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Sport 26: Autumn 2001

Geoff Cochrane

Geoff Cochrane

page 60


When cloud hides the sun,
these wholesome civic trees
cease to groom themselves.

Here, flax once clattered,
a pa smoked brownly,
palisades and boardwalks described
the beginnings of streets, of commerce.
In time, a zoo was started
with brass bands and teas.

There's city enough today.
While Mercedes and Toyota flutter bunting
above the yards and showrooms,
a cop with a dud swipe-card
fails to access the police garage.

page 61


All whiskers and scurf,
he brings King Lear to Newtown.
His voice has been ruined
by too much cigarette smoke,
too much smoke and grief.

In London long ago
he worked with the best.
Guinness himself was priestly, suave, exact.

The iron streets are puddled
with scraps of turquoise silk.
His beat takes in The Ballroom—
is he even aware that all these bright young things
are students of the drama?

page 62

November Notes

The big white jet glides in,
a buoyant citadel
rich in articulated flaps
clusters of wheels
doors as flush as paint.

Banned dogs gallop
up and down the beach,
leap like cougars
snap at pink Frisbees.

The city today
is a cauldron of winds.
Circular vents
on the roof of a van
spin like roulette wheels.

The poet writes
of being in love
with a famous bitch.
I like this bald, bespectacled lover.

page 63

A Eulogy for Brian Rodney Bell, 1929-2000

(Penned for delivery at Brian's funeral. In the event, my nerve failed me.)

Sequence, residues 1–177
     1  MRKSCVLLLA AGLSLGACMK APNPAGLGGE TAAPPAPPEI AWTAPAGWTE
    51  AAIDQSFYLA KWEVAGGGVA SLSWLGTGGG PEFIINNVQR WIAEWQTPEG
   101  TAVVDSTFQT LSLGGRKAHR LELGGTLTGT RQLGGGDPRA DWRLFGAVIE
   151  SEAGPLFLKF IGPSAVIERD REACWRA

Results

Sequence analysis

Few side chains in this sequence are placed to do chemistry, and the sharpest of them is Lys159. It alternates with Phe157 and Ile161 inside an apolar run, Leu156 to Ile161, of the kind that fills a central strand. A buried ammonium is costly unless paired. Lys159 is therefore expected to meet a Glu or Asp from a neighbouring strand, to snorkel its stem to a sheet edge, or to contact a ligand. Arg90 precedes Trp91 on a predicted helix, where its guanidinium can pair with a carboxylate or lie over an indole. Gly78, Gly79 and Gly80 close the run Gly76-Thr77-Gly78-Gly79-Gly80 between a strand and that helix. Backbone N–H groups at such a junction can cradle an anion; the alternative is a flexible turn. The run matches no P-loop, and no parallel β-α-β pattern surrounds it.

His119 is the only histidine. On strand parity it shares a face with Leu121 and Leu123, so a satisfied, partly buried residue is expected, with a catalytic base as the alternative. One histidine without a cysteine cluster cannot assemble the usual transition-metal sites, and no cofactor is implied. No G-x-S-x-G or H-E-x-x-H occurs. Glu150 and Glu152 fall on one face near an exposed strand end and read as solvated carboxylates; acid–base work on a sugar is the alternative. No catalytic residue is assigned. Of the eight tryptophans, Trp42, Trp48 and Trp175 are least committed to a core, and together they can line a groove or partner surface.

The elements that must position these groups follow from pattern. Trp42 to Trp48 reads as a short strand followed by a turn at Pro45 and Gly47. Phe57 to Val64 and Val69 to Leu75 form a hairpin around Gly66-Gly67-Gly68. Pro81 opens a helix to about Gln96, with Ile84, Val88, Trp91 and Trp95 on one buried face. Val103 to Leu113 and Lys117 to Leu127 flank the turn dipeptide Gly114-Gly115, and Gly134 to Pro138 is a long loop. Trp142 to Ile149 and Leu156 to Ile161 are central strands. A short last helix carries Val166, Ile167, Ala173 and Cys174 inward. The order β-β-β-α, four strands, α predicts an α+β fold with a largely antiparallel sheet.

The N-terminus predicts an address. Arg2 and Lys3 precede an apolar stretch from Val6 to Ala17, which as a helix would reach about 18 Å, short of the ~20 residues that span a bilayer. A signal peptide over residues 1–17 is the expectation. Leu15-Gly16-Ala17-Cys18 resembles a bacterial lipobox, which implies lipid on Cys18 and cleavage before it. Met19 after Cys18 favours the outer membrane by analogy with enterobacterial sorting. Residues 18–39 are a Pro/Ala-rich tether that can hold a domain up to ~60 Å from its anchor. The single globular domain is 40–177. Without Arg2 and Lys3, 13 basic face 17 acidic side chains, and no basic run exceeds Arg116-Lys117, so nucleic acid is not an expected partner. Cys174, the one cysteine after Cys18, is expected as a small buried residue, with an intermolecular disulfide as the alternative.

I went to the library yesterday. Brian once wrote a piece on James K. Baxter for a book published by Alister Taylor. He sat on the floor in Jonathan Hunt's flat and typed up the essay on Debbie Tait's portable.

On two rare and sobering occasions, I saw tears in Brain's eyes. Once was when he told me that he'd just heard the news of Baxter's death. The second time was one afternoon in the old Grand Hotel. We were drinking whiskies and Waikato chasers (amazingly, Brian was flush). ‘I know I'm hated,’ he said. What could I answer?

I went to the library yesterday, but there was no Book of Brian on the shelves. That Baxter piece I mentioned somehow or other evolved into a startling television event, The Burnt Ones. For once, Brian was trusted; for once, he was given his head. The results were scintillating. Colleen Hodge remarked on how quickly he won the technicians over, inventing his own little bits of technical jargon. When it came to working ‘to camera’, he was better than Jacob Bronowski or Kenneth Clark.

The last time I saw Brian, he regaled me with a barely credible tale. Every time he emptied his bath, the Somalis in the flat below copped his tepid grey effluent. According to Bell, he'd opened his door to a sodden delegation, the spokesman of which was a bemused black lawyer with pince-nez and a furled umbrella. Like a character out of Evelyn Waugh, the lawyer spoke a lofty sort of English he'd learned from a phrase-book purchased in Brighton in 1932.

We didn't hate you, Brian. Not all of us. Not all the time.